Do you know your voting rights? On this page, you will find easy-to-use resources that might come in handy if you need quick information about your right to vote in Connecticut for the November 3, 2020 election. If you do not see what you are looking for here, you can find more voting Know Your Rights guides from our national office. The information presented in these guides is not intended as legal advice. For help at the polls, call the non-partisan Election Protection Hotline at 1-866-OUR-VOTE.

Make Sure You're Registered to Vote 

Remember to check your voter registration status. If you need to register to vote or update your registration go to vote.gov.

Important Dates to Know

October 27: deadline to register to vote, or you can register to vote on Election Day

November 2 (the day before Election Day): deadline to request an absentee ballot. But if you are applying to vote absentee, it is important to do so as early as possible to avoid the risk of your application potentially not being received in time.

November 3, 8 p.m. (Election Day): deadline by which your town clerk must have received your absentee ballot. If you are returning your ballot to your town clerk in person (not via mail or dropbox), you must deliver it to your town clerk by November 2, the day before Election Day. Remember: if you are voting absentee, it is important to do so as early as possible to avoid the risk of your ballot not being received in time. 

November 3: Election Day.  If the polls close while you are in line to vote on Election Day, stay in line. If you are registering to vote on Election Day and are in the registration line by 8 p.m., you have the right to cast your ballot that day. 

1. Know Your Rights: Voting Absentee in the November 3, 2020 election

Q.Know Your Rights: Voting Absentee in the November 3, 2020 election
A.

During the COVID-19 pandemic in 2020, every Connecticut voter has the right to vote absentee in the November 3, 2020 election. This special edition Know Your Rights guide explains your rights when voting absentee in statewide elections in 2020 during the COVID-19 pandemic. Read more and download a copy. 

2. Know Your Rights: Absentee Ballot Drop Box Locations for the November 3, 2020 election

Q.Know Your Rights: Absentee Ballot Drop Box Locations for the November 3, 2020 election
A.

Voting absentee and looking for your drop box? Look up your town's drop box location(s). 

3. Know Your Rights: Voting and IDs in Connecticut

Q.Know Your Rights: Voting and IDs in Connecticut
A.

The right to vote is a fundamental part of our democracy. Under Connecticut law, you do not need a photo ID, such as a driver's license, to vote. Poll workers may ask you for an ID, but you can cast your ballot without one.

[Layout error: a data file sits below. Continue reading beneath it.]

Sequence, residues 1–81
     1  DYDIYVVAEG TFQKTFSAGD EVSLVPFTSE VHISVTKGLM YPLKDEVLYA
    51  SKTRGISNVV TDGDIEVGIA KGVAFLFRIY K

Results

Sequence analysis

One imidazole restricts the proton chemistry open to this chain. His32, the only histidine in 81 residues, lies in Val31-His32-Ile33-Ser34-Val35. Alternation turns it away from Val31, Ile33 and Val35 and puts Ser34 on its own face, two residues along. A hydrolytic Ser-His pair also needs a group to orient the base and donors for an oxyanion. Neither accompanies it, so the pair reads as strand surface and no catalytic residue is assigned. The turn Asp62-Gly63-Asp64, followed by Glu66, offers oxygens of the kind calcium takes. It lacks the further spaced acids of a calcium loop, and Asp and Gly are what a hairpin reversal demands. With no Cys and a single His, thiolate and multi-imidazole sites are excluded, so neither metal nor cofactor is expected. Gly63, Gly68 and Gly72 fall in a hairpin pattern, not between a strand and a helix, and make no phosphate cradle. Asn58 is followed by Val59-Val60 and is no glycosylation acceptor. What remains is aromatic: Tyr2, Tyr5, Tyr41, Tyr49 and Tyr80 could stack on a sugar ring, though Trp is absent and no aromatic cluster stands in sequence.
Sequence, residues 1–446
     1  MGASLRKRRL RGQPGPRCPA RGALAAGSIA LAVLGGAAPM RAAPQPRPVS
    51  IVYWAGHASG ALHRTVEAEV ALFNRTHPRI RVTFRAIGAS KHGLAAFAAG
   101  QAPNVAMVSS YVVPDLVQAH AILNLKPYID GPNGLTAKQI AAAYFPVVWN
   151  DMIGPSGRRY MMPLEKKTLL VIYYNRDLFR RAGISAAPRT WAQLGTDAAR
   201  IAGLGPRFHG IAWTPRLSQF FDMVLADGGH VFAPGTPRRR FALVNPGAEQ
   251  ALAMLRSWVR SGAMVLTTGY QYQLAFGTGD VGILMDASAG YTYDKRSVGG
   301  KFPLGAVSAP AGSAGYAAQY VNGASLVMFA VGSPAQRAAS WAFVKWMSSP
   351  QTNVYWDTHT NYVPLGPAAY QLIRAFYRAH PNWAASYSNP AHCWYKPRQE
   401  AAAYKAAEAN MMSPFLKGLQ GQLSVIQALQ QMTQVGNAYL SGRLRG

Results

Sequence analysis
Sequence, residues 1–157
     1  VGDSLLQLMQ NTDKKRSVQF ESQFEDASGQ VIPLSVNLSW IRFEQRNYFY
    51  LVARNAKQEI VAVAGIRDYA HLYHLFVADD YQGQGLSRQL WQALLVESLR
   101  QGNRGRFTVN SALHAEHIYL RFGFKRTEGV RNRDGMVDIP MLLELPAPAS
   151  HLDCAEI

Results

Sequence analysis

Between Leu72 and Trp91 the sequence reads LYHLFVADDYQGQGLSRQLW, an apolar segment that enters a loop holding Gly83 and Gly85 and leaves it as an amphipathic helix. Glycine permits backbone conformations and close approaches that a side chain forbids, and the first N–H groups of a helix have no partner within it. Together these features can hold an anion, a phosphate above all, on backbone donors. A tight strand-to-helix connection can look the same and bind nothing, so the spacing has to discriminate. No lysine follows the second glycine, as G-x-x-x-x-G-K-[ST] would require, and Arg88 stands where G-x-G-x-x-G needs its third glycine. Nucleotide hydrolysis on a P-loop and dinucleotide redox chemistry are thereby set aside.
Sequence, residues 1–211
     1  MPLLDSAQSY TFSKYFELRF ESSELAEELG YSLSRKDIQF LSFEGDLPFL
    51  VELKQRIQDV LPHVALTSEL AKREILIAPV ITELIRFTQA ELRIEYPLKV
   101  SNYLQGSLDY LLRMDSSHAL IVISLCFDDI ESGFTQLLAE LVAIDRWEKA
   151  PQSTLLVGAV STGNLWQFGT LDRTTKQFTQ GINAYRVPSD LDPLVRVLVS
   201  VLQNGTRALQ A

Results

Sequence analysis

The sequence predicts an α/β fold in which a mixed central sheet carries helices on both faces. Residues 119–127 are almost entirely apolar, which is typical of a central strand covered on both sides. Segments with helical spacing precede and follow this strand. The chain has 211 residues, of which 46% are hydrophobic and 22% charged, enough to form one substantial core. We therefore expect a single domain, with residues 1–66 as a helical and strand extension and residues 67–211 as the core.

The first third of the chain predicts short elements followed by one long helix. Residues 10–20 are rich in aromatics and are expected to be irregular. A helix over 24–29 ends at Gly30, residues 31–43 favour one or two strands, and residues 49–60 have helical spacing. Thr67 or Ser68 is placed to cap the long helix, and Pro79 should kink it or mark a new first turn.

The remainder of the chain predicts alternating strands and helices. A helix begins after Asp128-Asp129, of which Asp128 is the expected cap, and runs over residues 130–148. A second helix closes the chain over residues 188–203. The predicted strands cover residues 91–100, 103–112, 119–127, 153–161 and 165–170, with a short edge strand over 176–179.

Note: If you are a first-time voter who registered to vote via mail AND you are voting absentee, you will need to submit a photocopy of an ID with your absentee ballot. This photocopy needs to go inside the *outer* envelope, not the inner envelope in which you place your ballot.

Learn more in our quick pocket guide. 

4. Know Your Rights: Registering to Vote on Election Day

Q.Know Your Rights: Registering to Vote on Election Day
A.

Connecticut allows people to register to vote on Election Day. As long as you are in the registration line by 8 p.m., you have the right to register and to cast your ballot on election night. Our Election Day Registration Know Your Rights guide has more.

5. Know Your Rights: Voter Intimidation at the Polls

Q.Know Your Rights: Voter Intimidation at the Polls
A.

The U.S. Supreme Court has long recognized that polling places should be an “‘island of calm,’” free from distraction and interference. Yet the history of the United States, including Connecticut, has included racist attempts to suppress the political power of voters of color, especially Black voters, through intimidation at the polls. Every voter has the right to vote in a safe polling place without intimidation and suppression, and Connecticut has legal obligations and a moral responsibility to protect those rights. Stay safe and know your rights. Read and download our guide regarding voter intimidation at the polls.

Ahead of Election Day, the ACLU of Connecticut also sent letters to all Connecticut registrars of voters and all municipal police and the state police regarding voter intimidation at the polls. In those letters, we reminded those election officials and police that voter intimidation would disproportionately threaten the rights and safety of Black and Brown people, who have been historically and grossly suppressed from voting, and outlined state and federal laws regarding voter intimidation. Read those letters.  

6. Count Every Vote

Q.Count Every Vote
A.

Racial justice demands that every vote is counted. Period.